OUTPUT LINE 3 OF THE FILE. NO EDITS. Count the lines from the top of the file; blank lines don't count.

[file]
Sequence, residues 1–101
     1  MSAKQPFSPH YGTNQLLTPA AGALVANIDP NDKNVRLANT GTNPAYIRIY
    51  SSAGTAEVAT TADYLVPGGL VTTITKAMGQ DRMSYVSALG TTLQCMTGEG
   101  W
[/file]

    51  SSAGTAEVAT TADYLVPGGL VTTITKAMGQ DRMSYVSALG TTLQCMTGEG